Provenance of Decisions in Emergency Response Environments

  • Iman Naja
  • Luc Moreau
  • Alex Rogers
Part of the Lecture Notes in Computer Science book series (LNCS, volume 6378)


Mitigating the devastating ramifications of major disasters requires emergency workers to respond in a maximally efficient way. Information systems can improve their efficiency by organizing their efforts and automating many of their decisions. However, absence of documenting how decisions were made by the system prevents decisions from being reviewed to check the reasons for their making or their compliance with policies. We apply the concept of provenance to decision making in emergency response situations and use the Open Provenance Model to express provenance produced in RoboCup Rescue Simulation. We produce provenance DAGs using a novel OPM profile that conceptualizes decisions in the context of emergency response. Finally, we traverse the OPM DAGs to answer some provenance questions about those decisions.


MultiAgent System Emergency Response Provenance Information Emergency Responder Emergency Response System 
These keywords were added by machine and not by the authors. This process is experimental and the keywords may be updated as the learning algorithm improves.


  1. 1.
  2. 2.
    Bose, R., Frew, J.: Lineage retrieval for scientific data processing: a survey. ACM Computing Surveys 37(1), 1–28Google Scholar
  3. 3.
    Braun, U., Holland, D.A., Muniswamy-Reddy, K.K., Seltzer, M.I.: Coping with cycles in provenance. Technical report, Harvard University (2006)Google Scholar
  4. 4.
    Chalkiadakis, G., Boutilier, C.: Sequential decision making in repeated coalition formation under uncertainty. In: Proc. of AAMAS 2008, Estoril, Portugal, (2008)Google Scholar
  5. 5.
    Chapman, A., Jagadish, H.V.: Why not? In: Proc. of the 35th SIGMOD int’l conf. on Management of dataGoogle Scholar
  6. 6.
    Chorley, A., Edwards, P., Preece, A., Farrington, J.: Tools for tracing evidence in social science. In: Third Int’l Conf. on e-Social Science (October 2007)Google Scholar
  7. 7.
    Fullam, K.K., Barber, K.S.: Dynamically learning sources of trust information: experience vs. reputation. In: Proc. of AAMAS 2007, (2007)Google Scholar
  8. 8.
    Georgeff, M., Pell, B., Pollack, M., Tambe, M., Wooldridge, M.: The Belief-Desire-Intention Model of Agency. In: Proc. of the 5th Int’l Workshop on Intelligent Agents V, Agent Theories, Architectures, and Languages (1998)Google Scholar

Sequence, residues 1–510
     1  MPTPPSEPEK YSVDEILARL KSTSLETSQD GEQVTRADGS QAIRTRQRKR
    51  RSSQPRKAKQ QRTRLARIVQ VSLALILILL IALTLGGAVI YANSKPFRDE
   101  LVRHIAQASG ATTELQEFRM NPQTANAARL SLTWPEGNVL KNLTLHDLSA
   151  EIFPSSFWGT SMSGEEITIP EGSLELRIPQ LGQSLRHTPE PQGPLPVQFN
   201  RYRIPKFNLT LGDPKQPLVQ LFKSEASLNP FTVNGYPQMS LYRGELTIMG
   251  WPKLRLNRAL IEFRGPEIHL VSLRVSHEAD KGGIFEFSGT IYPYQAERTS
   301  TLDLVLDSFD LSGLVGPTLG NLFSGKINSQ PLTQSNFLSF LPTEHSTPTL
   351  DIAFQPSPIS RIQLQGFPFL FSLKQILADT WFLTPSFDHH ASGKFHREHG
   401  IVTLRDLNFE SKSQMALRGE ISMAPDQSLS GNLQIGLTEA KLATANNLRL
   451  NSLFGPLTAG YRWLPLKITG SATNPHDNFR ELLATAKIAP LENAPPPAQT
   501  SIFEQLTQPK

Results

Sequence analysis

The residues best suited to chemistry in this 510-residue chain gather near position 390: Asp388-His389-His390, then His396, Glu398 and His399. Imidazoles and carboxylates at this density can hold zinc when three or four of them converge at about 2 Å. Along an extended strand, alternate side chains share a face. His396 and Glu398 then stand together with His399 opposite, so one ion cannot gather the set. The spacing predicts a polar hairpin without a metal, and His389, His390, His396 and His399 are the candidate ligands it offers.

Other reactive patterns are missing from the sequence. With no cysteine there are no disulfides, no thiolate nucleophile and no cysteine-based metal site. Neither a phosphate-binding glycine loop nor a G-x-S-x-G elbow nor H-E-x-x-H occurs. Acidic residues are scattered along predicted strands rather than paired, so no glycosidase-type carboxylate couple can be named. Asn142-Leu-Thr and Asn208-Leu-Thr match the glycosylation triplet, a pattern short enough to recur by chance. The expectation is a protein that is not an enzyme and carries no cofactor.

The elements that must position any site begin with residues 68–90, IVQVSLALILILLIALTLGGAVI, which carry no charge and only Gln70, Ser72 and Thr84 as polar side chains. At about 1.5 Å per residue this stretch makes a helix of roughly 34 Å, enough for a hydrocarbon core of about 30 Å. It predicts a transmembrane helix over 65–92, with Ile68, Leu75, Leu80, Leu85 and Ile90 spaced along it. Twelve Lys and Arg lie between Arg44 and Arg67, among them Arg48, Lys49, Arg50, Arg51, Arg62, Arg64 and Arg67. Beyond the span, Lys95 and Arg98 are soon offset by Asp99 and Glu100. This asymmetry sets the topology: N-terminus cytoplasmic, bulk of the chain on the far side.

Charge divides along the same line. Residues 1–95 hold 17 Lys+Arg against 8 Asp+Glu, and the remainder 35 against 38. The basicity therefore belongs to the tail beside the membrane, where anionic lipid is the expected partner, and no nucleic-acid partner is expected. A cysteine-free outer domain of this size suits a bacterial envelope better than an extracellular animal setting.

9. 9.
    Hasan, R., Sion, R., Winslett, M.: The case of the fake picasso: Preventing history forgery with secure provenance. In: Proc. of 7th USENIX Conference on File and Storage Technologies, FAST 2009, pp. 1–14 (2009)Google Scholar
  10. 10.
    Khosravifar, B., Gomrokchi, M., Bentahar, J., Thiran, P.: Maintenance-based trust for multi-agent systems. In: Proc. of AAMAS 2009, Budapest, Hungary, (2009)Google Scholar
  11. 11.
    Kifor, T., Varga, L.Z., Vazquez-Salceda, J., Alvarez, S., Willmott, S., Miles, S., Moreau, L.: Provenance in agent-mediated healthcare systems. IEEE Intelligent Systems 21, 38–46 (2006)CrossRefGoogle Scholar
  12. 12.
    Kota, R., Gibbins, N., Jennings, N.R.: Self-organising agent organisations. In: Proc. of AAMAS 2009, Budapest, Hungary, (2009)Google Scholar
  13. 13.
    Miles, S.: Electronically querying for the provenance of entities. In: Moreau, L., Foster, I. (eds.) IPAW 2006. LNCS, vol. 4145, pp. 184–192. Springer, Heidelberg (2006)CrossRefGoogle Scholar
  14. 14.
    Miles, S., Groth, P., Munroe, S., Moreau, L.: Prime: A methodology for developing provenance-aware applications. ACM TOSEM (2010)Google Scholar
  15. 15.
    Miles, S., Munroe, S., Luck, M., Moreau, L.: Modelling the provenance of data in autonomous systems. In: Proc. of AAMAS 2007, (2007)Google Scholar
  16. 16.
    Moreau, L.: The foundations for provenance on the web. Foundations and Trends in Web Science (in Press 2010) Google Scholar
  17. 17.
    Moreau, L., Clifford, B., Freire, J., Futrelle, J., Gil, Y., Groth, P., Kwasnikowska, N., Miles, S., Missier, P., Myers, J., Plale, B., Simmhan, Y.L., Stephan, E., Van Den Bussche, J.: The Open Provenance Model Core Specification (v1.1). Future Generation Computer Systems (in Press 2010) Google Scholar
  18. 18.
    Papamichai, K.N., French, S.: Explaining and justifying the advice of a decision support system: a natural language generation approach. Expert Systems with Applications 24 (2003)Google Scholar
  19. 19.
    Phung, T., Winikoff, M., Padgham, L.: Learning Within the BDI Framework: An Empirical Analysis, pp. 282–288 (2005)Google Scholar
  20. 20.
    Rao, A.S., Georgeff, M.P.: BDI Agents: From Theory to Practice. In: Proceedings of the First International Conference on MultiAgent Systems (1995)Google Scholar
  21. 21.
    Ringelstein, C., Staab, S.: PAPEL: A Language and Model for Provenance-Aware Policy Definition and Execution. In: Hull, R., Mendling, J., Tai, S. (eds.) BPM 2010. LNCS, vol. 6336, Springer, Heidelberg (2010)CrossRefGoogle Scholar
  22. 22.
    Simmhan, Y.L., Plale, B., Gannon, D.: A survey of data provenance in e-science. SIGMOD Rec. 34, 31–36 (2005)CrossRefGoogle Scholar
  23. 23.
    Teacy, W.T., Patel, J., Jennings, N.R., Luck, M.: Travos: Trust and reputation in the context of inaccurate information sources. Autonomous Agents and Multi-Agent Systems 12, 183–198 (2006)CrossRefGoogle Scholar
  24. 24.
    W3C Provenance Incubator Group: (Provenance dimensions) (last accessed March 01 2010)
  25. 25.
    Weitzner, D.J., Abelson, H., Berners-Lee, T., Feigenbaum, J., Hendler, J., Sussman, G.J.: Information accountability. Commun. ACM 51, 82–87 (2008)CrossRefGoogle Scholar

Copyright information

© Springer-Verlag Berlin Heidelberg 2010

Authors and Affiliations

  • Iman Naja
    • 1
  • Luc Moreau
    • 1
  • Alex Rogers
    • 1
  1. 1.School of Electronics and Computer ScienceUniversity of SouthamptonSouthamptonUK

Personalised recommendations